BRANDON RETURNS TO MAT, CLINCHES NWCA TITLE

RYAN REEBENACKER, KNIGHT WIRE MANAGER

Jordon Brandon ’21, a heavyweight transfer student, stepped onto the mat with the Knights down by three and a disadvantage in criteria. His situation was complex, yet simple: dominate, or Wartburg loses.

The Wartburg Knights were in uncharted territory near the end of the quarterfinal match of the 2020 National Wrestling Coaches Association (NWCA) National Duals in Kentucky.

“Wrestling is what saved me, to be honest with you,” Brandon said. “I used to fight a lot in high school. That’s just how it went. All that aggression I transformed into wrestling. So once I got on the mat and I got a coach on me it kinda clicked. Life. I found an outlet.

“You know the story, I went from the guy who didn’t really have good grades and all that and wrestling helped me put the pieces together. It changed my life.”

Brandon defeated Jarod Miller of Baldwin Wallace by a 12-4 major decision, saving the Knights from a major upset. Wartburg went on to win the program’s 12th NWCA title.

“I don’t care about anything about rankings. All that matters is March.”

— JORDON BRANDON

Brandon, 23, began wrestling as a sophomore while attending John Glenn High School in Westland, Michigan, a suburb of Detroit. Despite coming to the sport at a late age, Brandon progressed rapidly. In his junior season he was a state placewinner, and he ended his high school career as a state champion at 215 pounds.

“A lot of people think ‘oh, you’re just athletic,’” Brandon said of his late arrival to the sport. “No, I slaved. I worked. I wrestled tons of matches to get myself to where I need to be.”

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After stints at Iowa Lakes Community College and Lincoln College in Illinois, Brandon went back home to Michigan and expected to be done with wrestling. Instead, his passion for the sport was sparked again after he spoke with current Wartburg wrestler and former Iowa Lakes teammate Isaiah Cox ’20.

“He’s always wanted to get a college degree and he knew he needed to get back into [wrestling] if it was gonna be a reality for him,” Keller said. “We reached out right away, and it was crazy because the guy was fired up right away in the moment. There was no ‘alright I’ll look into it,’ it was ‘nope, I’m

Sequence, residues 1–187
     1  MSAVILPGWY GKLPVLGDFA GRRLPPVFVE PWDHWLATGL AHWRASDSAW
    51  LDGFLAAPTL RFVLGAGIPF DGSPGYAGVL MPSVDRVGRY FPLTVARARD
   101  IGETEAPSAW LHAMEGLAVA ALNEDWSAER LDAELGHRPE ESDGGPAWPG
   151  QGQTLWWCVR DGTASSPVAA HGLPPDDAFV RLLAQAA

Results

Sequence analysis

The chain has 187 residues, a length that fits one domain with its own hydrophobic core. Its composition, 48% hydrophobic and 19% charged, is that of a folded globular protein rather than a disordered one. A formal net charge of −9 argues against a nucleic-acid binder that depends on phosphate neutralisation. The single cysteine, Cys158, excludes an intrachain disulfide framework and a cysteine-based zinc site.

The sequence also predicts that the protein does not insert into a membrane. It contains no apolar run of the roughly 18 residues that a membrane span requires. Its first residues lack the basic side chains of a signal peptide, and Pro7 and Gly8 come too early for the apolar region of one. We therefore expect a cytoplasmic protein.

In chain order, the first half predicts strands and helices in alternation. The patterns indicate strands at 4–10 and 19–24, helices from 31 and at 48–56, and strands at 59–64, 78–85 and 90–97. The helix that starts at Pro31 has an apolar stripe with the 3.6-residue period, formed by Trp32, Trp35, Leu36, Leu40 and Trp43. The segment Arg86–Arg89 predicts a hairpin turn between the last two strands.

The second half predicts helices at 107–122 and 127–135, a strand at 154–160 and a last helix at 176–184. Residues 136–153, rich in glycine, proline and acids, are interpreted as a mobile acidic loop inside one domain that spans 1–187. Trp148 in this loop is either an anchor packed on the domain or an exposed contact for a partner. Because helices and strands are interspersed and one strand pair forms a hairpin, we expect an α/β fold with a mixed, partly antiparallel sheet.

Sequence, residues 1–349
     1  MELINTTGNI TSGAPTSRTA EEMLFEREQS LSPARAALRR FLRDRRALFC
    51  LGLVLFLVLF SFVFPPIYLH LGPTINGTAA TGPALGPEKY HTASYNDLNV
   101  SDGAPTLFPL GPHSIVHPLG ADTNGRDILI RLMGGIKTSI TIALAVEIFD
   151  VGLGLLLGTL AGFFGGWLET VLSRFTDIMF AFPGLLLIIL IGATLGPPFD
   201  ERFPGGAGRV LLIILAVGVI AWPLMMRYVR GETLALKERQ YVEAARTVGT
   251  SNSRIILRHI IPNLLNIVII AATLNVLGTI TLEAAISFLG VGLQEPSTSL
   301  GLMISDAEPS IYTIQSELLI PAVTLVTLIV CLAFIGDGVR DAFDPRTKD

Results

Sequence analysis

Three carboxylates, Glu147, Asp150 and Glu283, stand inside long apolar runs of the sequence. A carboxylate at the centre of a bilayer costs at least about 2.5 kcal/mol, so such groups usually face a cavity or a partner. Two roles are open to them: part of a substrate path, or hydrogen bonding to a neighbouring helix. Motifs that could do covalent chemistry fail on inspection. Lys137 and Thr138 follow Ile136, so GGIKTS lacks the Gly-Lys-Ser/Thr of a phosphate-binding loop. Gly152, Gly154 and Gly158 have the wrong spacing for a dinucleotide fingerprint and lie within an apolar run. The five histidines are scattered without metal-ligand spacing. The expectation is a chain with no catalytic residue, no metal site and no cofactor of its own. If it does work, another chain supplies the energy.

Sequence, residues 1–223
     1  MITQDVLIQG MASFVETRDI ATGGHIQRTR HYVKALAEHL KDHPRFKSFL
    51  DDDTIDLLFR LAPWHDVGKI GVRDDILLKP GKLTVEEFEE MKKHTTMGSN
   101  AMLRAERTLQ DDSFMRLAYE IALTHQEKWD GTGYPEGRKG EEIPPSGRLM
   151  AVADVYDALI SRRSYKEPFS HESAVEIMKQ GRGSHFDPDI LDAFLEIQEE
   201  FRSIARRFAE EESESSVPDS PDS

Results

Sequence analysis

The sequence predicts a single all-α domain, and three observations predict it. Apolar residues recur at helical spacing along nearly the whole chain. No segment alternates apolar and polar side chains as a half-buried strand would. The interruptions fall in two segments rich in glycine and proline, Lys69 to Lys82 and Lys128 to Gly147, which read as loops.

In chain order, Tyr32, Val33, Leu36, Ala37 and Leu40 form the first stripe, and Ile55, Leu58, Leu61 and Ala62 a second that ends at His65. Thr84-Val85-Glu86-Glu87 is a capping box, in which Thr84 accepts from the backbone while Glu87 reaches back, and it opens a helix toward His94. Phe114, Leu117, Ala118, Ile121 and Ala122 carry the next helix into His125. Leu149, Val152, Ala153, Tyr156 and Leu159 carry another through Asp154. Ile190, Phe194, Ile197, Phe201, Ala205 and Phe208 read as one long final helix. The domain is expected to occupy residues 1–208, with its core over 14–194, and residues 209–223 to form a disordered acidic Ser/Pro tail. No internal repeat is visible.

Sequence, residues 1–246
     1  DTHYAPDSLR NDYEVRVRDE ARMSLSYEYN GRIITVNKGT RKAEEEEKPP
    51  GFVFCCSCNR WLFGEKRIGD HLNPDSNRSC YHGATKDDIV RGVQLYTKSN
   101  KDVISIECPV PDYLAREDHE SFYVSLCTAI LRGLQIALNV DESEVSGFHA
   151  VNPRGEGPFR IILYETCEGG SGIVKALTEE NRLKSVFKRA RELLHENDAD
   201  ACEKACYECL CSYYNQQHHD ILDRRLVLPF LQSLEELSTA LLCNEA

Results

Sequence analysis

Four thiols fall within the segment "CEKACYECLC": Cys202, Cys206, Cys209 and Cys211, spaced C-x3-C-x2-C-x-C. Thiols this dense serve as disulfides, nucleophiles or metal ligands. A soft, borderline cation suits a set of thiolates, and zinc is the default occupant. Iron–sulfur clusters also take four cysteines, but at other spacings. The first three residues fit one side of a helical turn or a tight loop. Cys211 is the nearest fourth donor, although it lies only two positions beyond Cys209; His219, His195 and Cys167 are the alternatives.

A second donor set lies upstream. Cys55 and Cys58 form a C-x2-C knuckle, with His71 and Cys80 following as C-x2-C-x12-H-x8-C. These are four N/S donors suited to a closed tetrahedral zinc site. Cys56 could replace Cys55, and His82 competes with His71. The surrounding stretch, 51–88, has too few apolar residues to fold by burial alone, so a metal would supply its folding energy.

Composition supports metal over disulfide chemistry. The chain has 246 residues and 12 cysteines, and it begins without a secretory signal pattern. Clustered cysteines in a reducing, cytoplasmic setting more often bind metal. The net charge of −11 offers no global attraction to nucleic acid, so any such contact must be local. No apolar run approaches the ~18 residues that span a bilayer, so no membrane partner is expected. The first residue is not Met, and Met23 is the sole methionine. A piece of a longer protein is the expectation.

gonna do this.’”

“He’s got some high-level expectations, high-level goals. One of the main things he talked about in regards to coming back to school was that he wants to be a part of a championship team.”

—ERIC KELLER

Brandon has established himself as the answer for the Knights at the 285-pound weight class after the graduation of all American heavyweight Bowen Wileman ’19. Brandon never faced Wileman on the mat, but in one of his early collegiate matches Brandon wrestled three-time all-American heavyweight Lance Evans ‘18 at the 2016 Luther Open.

“I remember it really clearly because I remember being really mad at Lance,” Keller said. “I had no idea who was wrestling Lance so tough, but when I did my digging on JB [Brandon] I realized that’s who it was.”

Evans narrowly beat Brandon en route to a 22-3 record that season, yet Brandon left a lasting impression on Keller and the Wartburg program.

“He’s gonna be a huge part of our team going forward,” Keller said. “He’s got some high-level expectations, high-level goals. One of the main things he talked about in regards to coming back to school was that he wants to be a part of a championship team.”

Brandon’s NWCA heroics later earned him a sixth-place ranking, but his focus lies on what he and the Knights can accomplish at nationals in two months.

“To be honest with you, my mom texts me a lot about rankings, my family cares about rankings,” Brandon, now the sixth ranked heavyweight in the nation, said. “I don’t care about anything about rankings. All that matters is March.”

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